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|Title:||Interference suppressions of spread spectrum systems with narrow-band interference||Authors:||Tan, Chin Hock.||Keywords:||DRNTU::Engineering::Electrical and electronic engineering::Wireless communication systems||Issue Date:||2009||Abstract:||In this project, the worst-case bit-error rate (BER) performance for a non-coherent fast frequency hopping binary frequency-shift keying (FFH/BFSK) system is studied for different diversity-combining receivers. The diversity-combining receivers used are linear-combining (LC) receiver, product-combining (PC) receiver, self-normalizing (SN) receiver and clipper receiver. The FFH/BFSK system is modeled under the conditions of single-tone per band multi-tone jamming (MTJ) and additive white Gaussian noise (AWGN). The BER performance of FFH/BFSK system is studied under Rayleigh, Rician and Nakagami fading channel conditions. The simulation results generated for Rayleigh and Rician fading channel conditions are validated against the analytical and simulation results obtained from existing literature. The above simulation results are then extended to Nakagami fading channel conditions. The number of jamming tones, Q, which results in a worst-case BER performance, is obtained by means of numerical search. Regardless of fading conditions, the BER performance is degraded as the signal-to-noise ratio (SNR) reduces. The BER performance is observed against signal-to-jamming ratio (SJR), with SNR fixed at 13.35 dB and diversity levels at L = 1, 3 and 5 respectively. When effects of fading are not taken into consideration, the LC receiver at L = 1 gives the best BER performance among the three diversity levels. The relative clipping level c of the clipper receiver is chosen to be 1.0. The PC, SN and clipper receiver at L = 3 gives the best BER performance among the three diversity levels. At higher diversity levels, the BER performance becomes poorer when the jamming power is very small, i.e., SJR > 36 dB, due to non-coherent combining loss. Generally, when comparing the four diversity-combining receivers, the clipper receiver gives the best BER performance. However, the clipper receiver requires the information of the desired signal level whereas the other three receivers are completely nonparametric. In case the desired signal level is not known, the SN receiver gives the best BER performance followed by PC and LC receivers. Lastly, the BER performance for diversity-combining FFH/BFSK system is studied over three fading channels. The fading channels are modeled by Rayleigh, Rician and Nakagami fading models with single-tone per band MTJ and AWGN. The simulated results show that the effects of fading on MTJ are insignificant for any diversity-combining receivers. In contrast, the BER performance is degraded as the desired signal amplitude experience more severe fading. The simulation results show that higher diversity levels are more effective than lower diversity levels in combating MTJ and AWGN over fading channels. Generally, when comparing the four receivers, the clipper receiver gives the best BER performance. However, if the desired signal power level is unknown, the LC receiver provides good BER performance when the signal experience Rayleigh fading. When the signal experiences Nakagami or Rician fading, the SN receiver provides the best BER performance under moderate jamming conditions. Under weak jamming conditions, the LC receiver gives the best BER performance. On the other hand, the PC receiver gives the best BER performance for strong jamming.||URI:||http://hdl.handle.net/10356/15804||Rights:||Nanyang Technological University||Fulltext Permission:||restricted||Fulltext Availability:||With Fulltext|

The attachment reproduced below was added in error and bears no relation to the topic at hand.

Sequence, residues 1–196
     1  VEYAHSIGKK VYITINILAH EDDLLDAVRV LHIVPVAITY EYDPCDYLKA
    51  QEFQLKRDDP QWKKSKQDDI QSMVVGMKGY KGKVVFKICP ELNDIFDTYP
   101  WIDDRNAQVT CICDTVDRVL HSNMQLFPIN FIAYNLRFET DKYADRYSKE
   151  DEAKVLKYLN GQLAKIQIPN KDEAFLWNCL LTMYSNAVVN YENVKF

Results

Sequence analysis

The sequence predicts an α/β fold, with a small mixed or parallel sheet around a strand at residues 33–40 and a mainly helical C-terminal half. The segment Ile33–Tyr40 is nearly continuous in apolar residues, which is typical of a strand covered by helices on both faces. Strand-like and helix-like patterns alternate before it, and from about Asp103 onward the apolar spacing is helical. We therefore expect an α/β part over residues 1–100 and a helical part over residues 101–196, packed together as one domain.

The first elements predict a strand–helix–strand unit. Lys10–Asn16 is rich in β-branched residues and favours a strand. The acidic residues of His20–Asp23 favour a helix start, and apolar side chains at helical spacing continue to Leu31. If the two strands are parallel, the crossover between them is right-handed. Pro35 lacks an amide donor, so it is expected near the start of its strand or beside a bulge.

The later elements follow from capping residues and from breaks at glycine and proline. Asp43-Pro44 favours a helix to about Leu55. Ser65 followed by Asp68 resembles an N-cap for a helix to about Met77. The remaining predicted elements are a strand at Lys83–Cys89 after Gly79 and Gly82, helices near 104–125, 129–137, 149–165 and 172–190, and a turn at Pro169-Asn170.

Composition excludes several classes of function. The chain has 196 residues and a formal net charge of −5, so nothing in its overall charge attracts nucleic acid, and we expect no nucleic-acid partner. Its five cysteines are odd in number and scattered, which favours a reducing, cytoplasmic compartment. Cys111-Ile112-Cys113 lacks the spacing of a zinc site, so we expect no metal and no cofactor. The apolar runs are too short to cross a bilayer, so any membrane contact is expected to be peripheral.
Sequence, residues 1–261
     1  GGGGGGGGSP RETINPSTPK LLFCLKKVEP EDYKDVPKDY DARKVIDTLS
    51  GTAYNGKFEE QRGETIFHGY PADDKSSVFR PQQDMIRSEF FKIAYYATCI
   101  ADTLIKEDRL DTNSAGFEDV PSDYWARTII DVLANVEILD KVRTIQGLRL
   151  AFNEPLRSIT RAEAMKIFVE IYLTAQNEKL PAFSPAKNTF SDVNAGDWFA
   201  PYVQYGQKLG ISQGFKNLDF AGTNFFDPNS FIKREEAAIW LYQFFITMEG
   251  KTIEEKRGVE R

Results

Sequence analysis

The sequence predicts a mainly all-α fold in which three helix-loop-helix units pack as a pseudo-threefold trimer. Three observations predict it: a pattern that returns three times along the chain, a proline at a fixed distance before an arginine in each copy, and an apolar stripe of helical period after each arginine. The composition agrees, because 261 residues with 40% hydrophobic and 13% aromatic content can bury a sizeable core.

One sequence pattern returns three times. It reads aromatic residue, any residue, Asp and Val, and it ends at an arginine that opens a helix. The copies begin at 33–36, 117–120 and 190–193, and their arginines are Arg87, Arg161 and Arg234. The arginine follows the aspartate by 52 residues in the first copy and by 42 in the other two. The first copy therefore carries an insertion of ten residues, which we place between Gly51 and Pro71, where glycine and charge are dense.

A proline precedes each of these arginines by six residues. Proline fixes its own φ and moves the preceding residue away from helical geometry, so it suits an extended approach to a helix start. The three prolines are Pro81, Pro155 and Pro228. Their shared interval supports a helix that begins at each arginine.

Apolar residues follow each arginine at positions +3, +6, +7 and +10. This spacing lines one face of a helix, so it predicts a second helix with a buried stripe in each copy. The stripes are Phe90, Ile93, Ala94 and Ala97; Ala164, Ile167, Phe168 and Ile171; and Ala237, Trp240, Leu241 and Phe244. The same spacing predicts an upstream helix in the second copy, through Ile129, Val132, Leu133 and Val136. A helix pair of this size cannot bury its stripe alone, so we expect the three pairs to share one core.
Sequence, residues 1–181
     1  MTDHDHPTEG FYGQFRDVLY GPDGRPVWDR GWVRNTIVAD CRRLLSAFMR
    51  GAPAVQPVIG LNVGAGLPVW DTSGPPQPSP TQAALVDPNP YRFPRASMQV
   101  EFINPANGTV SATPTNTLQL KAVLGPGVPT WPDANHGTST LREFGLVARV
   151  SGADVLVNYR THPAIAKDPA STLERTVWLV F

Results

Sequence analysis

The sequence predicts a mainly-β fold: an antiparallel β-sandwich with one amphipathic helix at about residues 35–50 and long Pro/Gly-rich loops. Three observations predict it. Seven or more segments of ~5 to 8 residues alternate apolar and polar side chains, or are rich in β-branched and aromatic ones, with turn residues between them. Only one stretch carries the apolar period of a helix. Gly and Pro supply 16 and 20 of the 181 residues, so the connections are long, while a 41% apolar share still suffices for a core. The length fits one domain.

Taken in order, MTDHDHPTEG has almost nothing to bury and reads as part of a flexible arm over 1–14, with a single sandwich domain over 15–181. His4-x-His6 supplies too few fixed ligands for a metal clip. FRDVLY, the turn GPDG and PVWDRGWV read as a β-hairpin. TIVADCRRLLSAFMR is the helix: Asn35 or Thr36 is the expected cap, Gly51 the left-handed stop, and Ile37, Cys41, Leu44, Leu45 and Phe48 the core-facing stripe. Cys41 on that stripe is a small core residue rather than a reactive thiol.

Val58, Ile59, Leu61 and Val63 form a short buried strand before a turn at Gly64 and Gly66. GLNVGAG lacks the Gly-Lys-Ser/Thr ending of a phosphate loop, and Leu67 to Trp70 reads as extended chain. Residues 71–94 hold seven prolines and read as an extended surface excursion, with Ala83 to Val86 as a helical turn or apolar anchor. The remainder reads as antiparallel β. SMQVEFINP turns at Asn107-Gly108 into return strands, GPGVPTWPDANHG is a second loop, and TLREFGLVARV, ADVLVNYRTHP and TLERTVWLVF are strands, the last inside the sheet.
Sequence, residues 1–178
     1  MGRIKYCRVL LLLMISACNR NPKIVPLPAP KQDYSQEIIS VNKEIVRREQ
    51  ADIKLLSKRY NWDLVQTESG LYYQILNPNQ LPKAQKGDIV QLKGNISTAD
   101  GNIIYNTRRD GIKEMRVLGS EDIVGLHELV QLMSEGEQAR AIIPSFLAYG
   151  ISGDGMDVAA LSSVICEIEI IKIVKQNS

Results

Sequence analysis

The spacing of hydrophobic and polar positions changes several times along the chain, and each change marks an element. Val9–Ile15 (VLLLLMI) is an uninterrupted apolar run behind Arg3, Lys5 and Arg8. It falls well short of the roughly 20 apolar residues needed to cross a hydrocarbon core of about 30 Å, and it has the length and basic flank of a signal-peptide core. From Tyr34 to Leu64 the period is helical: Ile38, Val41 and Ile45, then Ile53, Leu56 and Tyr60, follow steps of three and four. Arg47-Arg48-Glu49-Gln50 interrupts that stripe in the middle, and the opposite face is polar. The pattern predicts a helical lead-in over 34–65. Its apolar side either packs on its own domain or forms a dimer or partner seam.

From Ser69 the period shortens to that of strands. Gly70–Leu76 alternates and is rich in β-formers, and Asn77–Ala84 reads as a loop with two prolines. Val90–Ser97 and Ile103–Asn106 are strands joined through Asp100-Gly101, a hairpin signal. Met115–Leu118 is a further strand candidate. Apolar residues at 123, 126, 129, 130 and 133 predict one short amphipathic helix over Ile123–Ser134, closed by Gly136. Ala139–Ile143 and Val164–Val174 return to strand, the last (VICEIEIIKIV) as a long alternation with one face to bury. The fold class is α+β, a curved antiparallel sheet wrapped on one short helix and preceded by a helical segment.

|Appears in Collections:||EEE Student Reports (FYP/IA/PA/PI)|
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